Drugs agency grants its first licence to homoeopathic productBMJ 2009; 338 doi: https://doi.org/10.1136/bmj.b2055 (Published 20 May 2009) Cite this as: BMJ 2009;338:b2055
- Deborah Cohen
The United Kingdom’s drugs agency has given a licence to the makers of a homoeopathic product, despite scientists and researchers saying that no evidence shows that it works.
Since September 2006 the Medicines and Healthcare Products Regulatory Agency (MHRA) has been allowed to grant licences to traditional therapies if their use “is plausible on the basis of long standing use and experience” and no evidence shows that they cause harm.
At the end of last month, Nelsons Arnicare Arnica 30c pillules became the first product in the UK to be given such a licence by the agency, which will enable its manufacturers to make therapeutic claims for it.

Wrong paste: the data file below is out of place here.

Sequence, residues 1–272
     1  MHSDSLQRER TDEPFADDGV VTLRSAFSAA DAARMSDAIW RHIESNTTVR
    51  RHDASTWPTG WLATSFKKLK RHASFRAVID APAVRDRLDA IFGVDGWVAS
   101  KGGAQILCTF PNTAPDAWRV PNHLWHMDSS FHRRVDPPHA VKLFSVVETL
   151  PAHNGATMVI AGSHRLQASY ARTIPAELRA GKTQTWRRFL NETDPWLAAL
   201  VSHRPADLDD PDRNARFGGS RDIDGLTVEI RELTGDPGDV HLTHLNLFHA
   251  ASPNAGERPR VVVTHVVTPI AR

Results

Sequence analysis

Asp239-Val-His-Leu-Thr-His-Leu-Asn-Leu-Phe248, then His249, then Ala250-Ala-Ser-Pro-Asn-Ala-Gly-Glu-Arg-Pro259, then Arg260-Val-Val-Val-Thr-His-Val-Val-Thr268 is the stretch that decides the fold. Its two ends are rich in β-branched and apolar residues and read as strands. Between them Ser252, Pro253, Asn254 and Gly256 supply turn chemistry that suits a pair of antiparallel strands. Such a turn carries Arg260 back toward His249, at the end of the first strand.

Edzard Ernst, the UK’s only professor of complementary medicine, said that the agency’s national rules scheme was “making a mockery of evidence based medicine.”
On the packaging, the makers will be able to describe the product as “a homoeopathic medicinal product used within the homoeopathic tradition for the symptomatic relief of sprains, muscular aches, and bruising or swelling after contusions.”
Professor Ernst says that the remedy based on the plant Arnica montana has been subject to more controlled clinical trials than any other homoeopathic treatment.
“There is no good evidence for arnica,” he said. “It …
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